Working with Dr. Yoon in Palo Alto and Drs. Smelson and Ellison in Bedford, the peer mentoring intervention continues to be analyzed. In addition to non-VA utilization data, Dr. Yoon is collecting peer time sheet data. We have worked with the Central IRB to refine the process of obtaining non-VA inpatient stays and emergency department visits. We continue to have monthly phone calls between the peers and Drs. Smelson and Ellison to resolve questions the peers have from their encounters with the research participants and to continue their training in with the MISSION-Vet workbook.

Upon completion of enrollment, qualitative focus groups will begin. We have begun drafting the protocol, consent, and human subjects protections portions of the C-IRB sub-study that will approve focus groups. That portion of the study will be submitted to the C-IRB for review in Q1 of FY'14. We continue to hold monthly calls with all investigators to ensure study fidelity.

Interventional
Not Provided
Allocation: Randomized
Endpoint Classification: Efficacy Study
Intervention Model: Parallel Assignment
Masking: Single Blind (Subject)
Primary Purpose: Health Services Research
  • Homeless Persons
  • Primary Health Care
Behavioral: Embedded Peer Mentor
This intervention/condition consists of a formerly homeless individual embedded in the PACT or H-PACT clinic team. This person is responsible for community-based follow-up for homeless patients randomly assigned to him or her. In addition to structured, scheduled meetings with assigned study subjects, the peer mentor will also participate in PACT/H-PACT team meetings and serve as a liaison between the study subject and his or her primary care team. Peer mentors will be hired as VA term employees in Research.
  • No Intervention: Arm 1
    Normal PACT Clinical Care
  • Experimental: Arm 2
    Normal PACT Clinical Care + Embedded Peer Mentor
    Intervention: Behavioral: Embedded Peer Mentor
  • No Intervention: Arm 3
    Normal Homeless Oriented PACT Clinical Care
  • Experimental: Arm 4
    Normal Homeless Oriented PACT Clinical Care + Embedded Peer Mentor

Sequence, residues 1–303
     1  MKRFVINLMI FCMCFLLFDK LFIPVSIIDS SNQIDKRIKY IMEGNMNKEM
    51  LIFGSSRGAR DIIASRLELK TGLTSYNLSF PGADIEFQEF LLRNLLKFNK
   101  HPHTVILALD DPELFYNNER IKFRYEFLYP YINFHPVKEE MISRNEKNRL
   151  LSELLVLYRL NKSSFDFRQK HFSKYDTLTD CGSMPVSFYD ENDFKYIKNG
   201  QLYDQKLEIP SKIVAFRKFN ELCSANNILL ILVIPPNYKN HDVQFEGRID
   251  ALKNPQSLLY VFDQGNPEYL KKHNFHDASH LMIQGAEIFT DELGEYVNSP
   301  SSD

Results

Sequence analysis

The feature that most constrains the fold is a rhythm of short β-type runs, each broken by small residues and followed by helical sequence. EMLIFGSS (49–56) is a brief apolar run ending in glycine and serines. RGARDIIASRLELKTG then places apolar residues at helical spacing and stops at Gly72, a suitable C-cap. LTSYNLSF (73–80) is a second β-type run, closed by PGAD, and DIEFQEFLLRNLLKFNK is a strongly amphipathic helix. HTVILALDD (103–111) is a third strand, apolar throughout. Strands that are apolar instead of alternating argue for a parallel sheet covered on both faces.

Intervention: Behavioral: Embedded Peer Mentor
Yoon J, Scott JY, Phibbs CS, Wagner TH. Recent trends in Veterans Affairs chronic condition spending. Popul Health Manag. 2011 Dec;14(6):293-8. doi: 10.1089/pop.2010.0079. Epub 2011 Nov 1.

*   Includes publications given by the data provider as well as publications identified by ClinicalTrials.gov Identifier (NCT Number) in Medline.
 
Active, not recruiting
600
July 2015
September 2014   (final data collection date for primary outcome measure)

Inclusion Criteria:

  • The study population will be homeless Veterans enrolled in primary care (including both new and established patients who are homeless at the time of enrollment).
  • Currently homeless to include: unsheltered; staying in an emergency shelter; in transitional/Grant and Per Diem housing; or doubled-up with a family member or friend and not paying rent.

Exclusion Criteria:

  • Currently enrolled in Mental Health Intensive Case Management (MHICM) or other VA-based case/care managed program;
  • Stated plans to leave the area within 6 months of enrollment;
  • Unable or unwilling to provide informed consent;
  • Pregnant women will because excluded because we do not wish to detract from the amount of specialty care and services they receive and need.
Both
18 Years to 80 Years
Yes
Contact information is only displayed when the study is recruiting subjects
United States
 
NCT01550757
SDR 11-230
No
Department of Veterans Affairs
Department of Veterans Affairs
Not Provided
Principal Investigator: Thomas P O'Toole, MD VA Medical Center, Providence
Department of Veterans Affairs
July 2014

ICMJE     Data element required by the International Committee of Medical Journal Editors and the World Health Organization ICTRP